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Pilots approve new contract with American Airlines

Published on NewsOK Modified: December 7, 2012 at 6:48 pm •  Published: December 7, 2012

Friday's vote filled in the last unknown piece in AMR's labor-cost puzzle. The company's creditors "very much wanted a contract because they want some visibility on what the cost structure will be," said Ray Neidl, an airline analyst for Maxim Group PLC.

US Airways has proposed a merger that would give AMR creditors 70 percent of the combined company, which would be run by US Airways CEO Doug Parker, according to a person familiar with the discussions and who spoke on condition of anonymity because the talks are private.

There have been reports that AMR might seek up to 80 percent for its creditors, which could be unacceptable to US Airways Group Inc. shareholders, the person said.

AMR creditors could push for a change in management even if they get a bigger share of the company. Last month, a group of AMR bondholders including JPMorgan Chase told the pilots' union that they would only support an independent American if AMR had a new board that would pick managers to run the airline.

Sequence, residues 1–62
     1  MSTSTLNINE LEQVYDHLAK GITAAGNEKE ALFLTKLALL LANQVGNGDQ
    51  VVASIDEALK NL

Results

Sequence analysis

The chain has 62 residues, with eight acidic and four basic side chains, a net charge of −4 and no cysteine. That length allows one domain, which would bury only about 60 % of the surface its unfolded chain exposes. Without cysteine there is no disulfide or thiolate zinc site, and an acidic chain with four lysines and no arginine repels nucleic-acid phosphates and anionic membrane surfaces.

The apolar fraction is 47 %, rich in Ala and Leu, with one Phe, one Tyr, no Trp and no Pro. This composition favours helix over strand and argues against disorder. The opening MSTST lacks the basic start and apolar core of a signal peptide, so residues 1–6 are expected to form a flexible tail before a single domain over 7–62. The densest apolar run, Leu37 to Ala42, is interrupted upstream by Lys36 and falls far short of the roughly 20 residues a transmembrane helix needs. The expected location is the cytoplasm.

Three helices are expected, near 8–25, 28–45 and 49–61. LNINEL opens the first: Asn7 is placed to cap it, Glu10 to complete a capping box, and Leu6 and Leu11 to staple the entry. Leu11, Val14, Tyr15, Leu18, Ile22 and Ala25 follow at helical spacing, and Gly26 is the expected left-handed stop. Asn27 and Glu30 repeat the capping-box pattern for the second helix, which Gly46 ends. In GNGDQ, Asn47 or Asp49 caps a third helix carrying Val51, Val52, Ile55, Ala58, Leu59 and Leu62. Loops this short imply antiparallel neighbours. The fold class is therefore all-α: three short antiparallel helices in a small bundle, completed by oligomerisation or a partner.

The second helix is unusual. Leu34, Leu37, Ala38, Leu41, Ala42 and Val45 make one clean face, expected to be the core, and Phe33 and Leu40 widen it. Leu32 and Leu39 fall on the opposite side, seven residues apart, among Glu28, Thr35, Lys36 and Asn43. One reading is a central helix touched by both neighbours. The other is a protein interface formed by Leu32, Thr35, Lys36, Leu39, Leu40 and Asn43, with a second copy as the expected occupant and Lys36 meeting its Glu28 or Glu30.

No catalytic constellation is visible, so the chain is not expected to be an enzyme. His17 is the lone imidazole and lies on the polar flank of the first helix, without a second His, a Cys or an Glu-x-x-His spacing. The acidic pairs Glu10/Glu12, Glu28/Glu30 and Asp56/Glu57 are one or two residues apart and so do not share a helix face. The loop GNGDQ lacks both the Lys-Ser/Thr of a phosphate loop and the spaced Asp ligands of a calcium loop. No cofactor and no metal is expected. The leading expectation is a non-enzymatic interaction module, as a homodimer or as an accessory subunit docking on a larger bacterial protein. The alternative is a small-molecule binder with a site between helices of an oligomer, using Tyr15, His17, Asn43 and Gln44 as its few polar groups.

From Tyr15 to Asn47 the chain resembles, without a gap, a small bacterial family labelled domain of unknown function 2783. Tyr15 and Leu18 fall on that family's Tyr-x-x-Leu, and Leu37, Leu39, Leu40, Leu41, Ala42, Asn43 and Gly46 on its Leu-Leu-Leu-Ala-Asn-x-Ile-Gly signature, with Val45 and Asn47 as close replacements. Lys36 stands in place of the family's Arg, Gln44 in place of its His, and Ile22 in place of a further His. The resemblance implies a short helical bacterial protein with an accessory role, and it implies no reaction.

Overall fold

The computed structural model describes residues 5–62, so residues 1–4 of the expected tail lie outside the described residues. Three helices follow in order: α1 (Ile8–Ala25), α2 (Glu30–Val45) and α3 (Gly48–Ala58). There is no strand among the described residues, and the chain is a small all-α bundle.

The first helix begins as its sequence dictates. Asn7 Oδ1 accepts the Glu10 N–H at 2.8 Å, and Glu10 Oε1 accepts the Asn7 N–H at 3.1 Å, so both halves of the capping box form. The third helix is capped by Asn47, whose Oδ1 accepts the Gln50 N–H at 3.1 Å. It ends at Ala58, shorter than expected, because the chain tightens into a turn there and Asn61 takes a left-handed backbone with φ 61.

American has about 7,500 active pilots plus a few hundred others on furlough. The union said the vote to ratify the contract was 5,489 to 1,951.

The six-year contract will raise pilots' pay by 4 percent on signing and 2 percent per year after that, with an adjustment in the third year to bring pay in line with that at other big airlines. The union will get 13.5 percent of the stock in the new AMR when it emerges from bankruptcy, which analysts estimate would amount to at least $100,000 per pilot.

In exchange pilots will fly more hours and American will get more flexibility to outsource flying to other airlines.

American, which has already frozen pension plans and made other changes in benefits and work rules, is trying to use the bankruptcy process to cut annual labor costs by 17 percent or about $1 billion.

In recent months flight attendants and ground workers have ratified separate contracts that reduced benefits and outsourced thousands of jobs. American expects to cut about 10,000 jobs, with 3,000 layoffs and the rest coming from early retirements and attrition.


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